|Publication number||US5816592 A|
|Application number||US 08/600,805|
|Publication date||Oct 6, 1998|
|Filing date||Feb 13, 1996|
|Priority date||Feb 13, 1996|
|Publication number||08600805, 600805, US 5816592 A, US 5816592A, US-A-5816592, US5816592 A, US5816592A|
|Inventors||N. Horton II Edward, Franz Reichert|
|Original Assignee||Rad Enterprises, L.L.C.|
|Export Citation||BiBTeX, EndNote, RefMan|
|Patent Citations (20), Non-Patent Citations (5), Referenced by (14), Classifications (12), Legal Events (5)|
|External Links: USPTO, USPTO Assignment, Espacenet|
This invention relates generally to scooters, and more particularly concerns an improved multi-planed youth scooter for imaginative riding play, the characteristics of which result in an age and skill appropriate riding toy for very young children.
Scooters and skateboards are common and configured in many different designs based primarily on the use of a single horizontal riding platform with a plurality of wheels thereunder. Examples of scooters may be found in U.S. Design Pat. No. 120,019 to Rodriguez and U.S. Design Pat. No. 187,706 to Jenkins. Common skateboards are exemplified by those disclosed in U.S. Pat. No. 4,337,963 to Stevenson, U.S. Pat. No. 4,089,536 to Larrucea, and U.S. Pat. No. 3,565,454 to Stevenson.
Multi-planed scooters are exemplified by the prior art contributed by applicant. U.S. Pat. No. 4,133,548 to Smith describes a scooter for performing riding tricks, consisting of a generally concave riding platform with interior and exterior surfaces, preferably comprising three elongated platform beams connected together at angles, with a holding means attached to at least one end of the platform, and a plurality of roller means attached to the exterior platform surfaces near the junctures of the platform beams. The Smith scooter shifts from one riding position to another when the person riding the scooter shifts the weight of his body while rolling on a riding surface. The Smith scooter, however, was found to be abrupt and inconvenient to maneuver. An improved scooter, disclosed in patent application Ser. No. 08/383,068 was developed to overcome these problems and provide a high-performance scooter with improved riding stability, shock absorption, and deceleration; a choice of turning radii; and ease and adjustability of steering. These scooters, however, are too large, heavy, and difficult to use for very small children. The present invention is directed to overcoming these problems.
Therefore, it is an object of the present invention to provide an improved multi-planed youth scooter for imaginative riding play which is formed of molded plastic into wide, non-skid riding surfaces for lightness and safe footing for the very young rider.
It is likewise an object of the present invention to provide an improved multi-planed youth scooter that is smaller in size and more deeply concave to better fit the smaller, very young rider.
It is also an object of the present invention to provide an improved wheel assembly which has both lighter, wider, and larger diameter wheels for improved stability for very young riders as well as no exposed areas where the very young rider could injure his or her fingers.
It is another object of the present invention to provide a handle means that has no protruding members to reduce the risk of injury and improve handling by the very young rider.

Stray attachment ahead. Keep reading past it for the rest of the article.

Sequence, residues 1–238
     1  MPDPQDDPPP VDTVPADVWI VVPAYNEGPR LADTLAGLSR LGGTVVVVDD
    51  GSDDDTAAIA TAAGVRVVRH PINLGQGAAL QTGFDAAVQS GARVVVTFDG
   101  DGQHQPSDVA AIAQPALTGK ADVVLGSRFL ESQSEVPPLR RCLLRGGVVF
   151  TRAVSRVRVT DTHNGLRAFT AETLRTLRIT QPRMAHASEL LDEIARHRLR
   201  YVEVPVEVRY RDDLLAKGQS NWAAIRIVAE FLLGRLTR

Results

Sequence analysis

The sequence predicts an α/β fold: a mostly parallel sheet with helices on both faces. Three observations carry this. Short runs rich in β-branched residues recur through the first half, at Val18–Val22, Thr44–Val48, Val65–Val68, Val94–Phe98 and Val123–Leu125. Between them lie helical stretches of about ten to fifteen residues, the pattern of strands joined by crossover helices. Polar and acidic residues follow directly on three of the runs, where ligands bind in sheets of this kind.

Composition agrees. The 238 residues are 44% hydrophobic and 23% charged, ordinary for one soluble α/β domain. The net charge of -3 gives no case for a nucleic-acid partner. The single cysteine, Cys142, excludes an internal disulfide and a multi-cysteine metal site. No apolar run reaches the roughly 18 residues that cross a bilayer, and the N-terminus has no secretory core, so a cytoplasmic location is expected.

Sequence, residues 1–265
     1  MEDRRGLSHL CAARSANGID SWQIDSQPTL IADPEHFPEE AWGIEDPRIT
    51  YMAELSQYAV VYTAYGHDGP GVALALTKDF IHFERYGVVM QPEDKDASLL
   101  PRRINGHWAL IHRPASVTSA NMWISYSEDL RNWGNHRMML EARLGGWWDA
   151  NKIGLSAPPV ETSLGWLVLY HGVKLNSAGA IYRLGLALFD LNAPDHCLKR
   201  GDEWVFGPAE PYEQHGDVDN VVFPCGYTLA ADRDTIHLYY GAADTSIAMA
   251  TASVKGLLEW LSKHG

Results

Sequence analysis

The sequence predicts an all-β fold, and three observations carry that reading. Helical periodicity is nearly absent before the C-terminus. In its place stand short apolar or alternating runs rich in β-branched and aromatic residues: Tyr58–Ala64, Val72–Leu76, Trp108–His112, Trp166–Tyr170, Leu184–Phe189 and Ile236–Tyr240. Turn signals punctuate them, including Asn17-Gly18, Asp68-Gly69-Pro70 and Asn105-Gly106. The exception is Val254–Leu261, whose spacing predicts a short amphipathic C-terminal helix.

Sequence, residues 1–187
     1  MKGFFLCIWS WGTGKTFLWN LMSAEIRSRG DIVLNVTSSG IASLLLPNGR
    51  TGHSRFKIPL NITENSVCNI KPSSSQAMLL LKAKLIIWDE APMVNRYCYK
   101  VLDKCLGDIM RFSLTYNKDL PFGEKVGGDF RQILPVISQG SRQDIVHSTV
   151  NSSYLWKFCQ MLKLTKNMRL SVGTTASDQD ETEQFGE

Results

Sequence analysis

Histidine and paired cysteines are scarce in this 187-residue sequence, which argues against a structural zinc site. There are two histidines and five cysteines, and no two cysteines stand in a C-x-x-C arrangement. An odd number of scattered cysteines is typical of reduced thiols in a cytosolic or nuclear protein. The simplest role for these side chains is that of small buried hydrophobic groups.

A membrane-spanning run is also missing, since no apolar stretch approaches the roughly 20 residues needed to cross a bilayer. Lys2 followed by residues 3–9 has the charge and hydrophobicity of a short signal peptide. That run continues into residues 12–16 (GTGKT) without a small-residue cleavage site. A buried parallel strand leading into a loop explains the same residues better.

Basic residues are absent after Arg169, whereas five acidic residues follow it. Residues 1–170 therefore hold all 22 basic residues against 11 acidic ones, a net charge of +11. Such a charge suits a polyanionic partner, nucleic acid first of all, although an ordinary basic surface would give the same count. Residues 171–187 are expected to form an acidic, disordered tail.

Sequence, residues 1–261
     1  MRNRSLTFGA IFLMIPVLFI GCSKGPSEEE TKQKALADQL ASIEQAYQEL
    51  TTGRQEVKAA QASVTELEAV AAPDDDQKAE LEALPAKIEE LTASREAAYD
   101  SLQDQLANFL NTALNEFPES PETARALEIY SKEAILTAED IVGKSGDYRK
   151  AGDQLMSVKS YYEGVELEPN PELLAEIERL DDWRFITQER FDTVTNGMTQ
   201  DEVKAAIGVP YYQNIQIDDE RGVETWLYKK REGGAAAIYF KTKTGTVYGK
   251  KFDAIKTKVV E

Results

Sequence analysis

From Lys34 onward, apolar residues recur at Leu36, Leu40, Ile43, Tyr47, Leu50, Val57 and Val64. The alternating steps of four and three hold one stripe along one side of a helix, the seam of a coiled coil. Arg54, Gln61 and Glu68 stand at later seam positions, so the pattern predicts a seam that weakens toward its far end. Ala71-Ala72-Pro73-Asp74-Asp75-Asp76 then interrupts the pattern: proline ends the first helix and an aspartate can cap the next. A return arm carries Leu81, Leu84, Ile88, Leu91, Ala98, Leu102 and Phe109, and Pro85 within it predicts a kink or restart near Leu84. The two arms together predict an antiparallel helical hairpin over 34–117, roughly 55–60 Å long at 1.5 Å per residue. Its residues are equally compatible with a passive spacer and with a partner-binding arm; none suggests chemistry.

The foregoing objectives are achieved by an improved multi-planed youth scooter consisting of a special shaped deeply concave riding platform formed by a plurality of lightweight molded riding surfaces, and a plurality of wheel assemblies. The improved scooter has angled single handle portions molded into the end of at least one peripheral riding surface. Each wide riding surface has a textured, non-skid interior surface and an exterior surface having molded structural reinforcement channels. The improved youth scooter also has plurality of wheel assemblies that are mounted to the underside of the riding platform by means of an axle and cap nut system that passes through a molded axle support which conceals the axle. The wheels of the improved youth scooter are large, light, and wide. The improved youth scooter also has at least one decelerator molded into the underside of the riding platform toward the end of one of the peripheral planar riding surfaces. The decelerator provides deceleration for the rider when the relevant riding surface is tilted to engage the decelerator with the ground or cement surface on which the improved youth scooter is being ridden.
Other objects and advantages of the invention will become apparent upon reading the following detailed description and upon reference to the drawings.
FIG. 1 is a perspective view of the embodiment of the improved multi-planed youth scooter in a standing, sitting, squatting, or lying-down riding position.
FIG. 2 is a perspective view of a type of fastening means that may be used to secure and stabilize the improved multi-planed youth scooter of this invention.
FIG. 3 is a side view of a wheel assembly of the embodiment of the improved multi-planed youth scooter depicted in FIG. 1.
While the invention will be described in connection with the preferred embodiment, it will be understood that we do not intend to limit the invention to that embodiment. On the contrary, we intend to cover all alternatives, modifications, and equivalences that may be included within the spirit and scope of the invention as defined by the appended claims.
Turning to FIG. 1, there is shown an improved multi-planed youth scooter 10 embodying the present invention. Improved youth scooter 10 may be ridden in a number of different ways: as a scooter, by placing one foot on riding surface 12 of the multi-planed riding platform 11; as a "sidewalk bobsled," in the position shown in FIG. 1, by sitting on riding surface 13 with the rider's feet on one of the two other riding surfaces 12 or 14, and the rider's back on the remaining riding surface 12 or 14; as a surfboard, also using the position shown in FIG. 1, by standing on riding surface 13 and holding handle portions 21 and 22 at either end of the scooter 10; and by straddling the scooter 10, with the rider's feet on riding surfaces 12 and 14.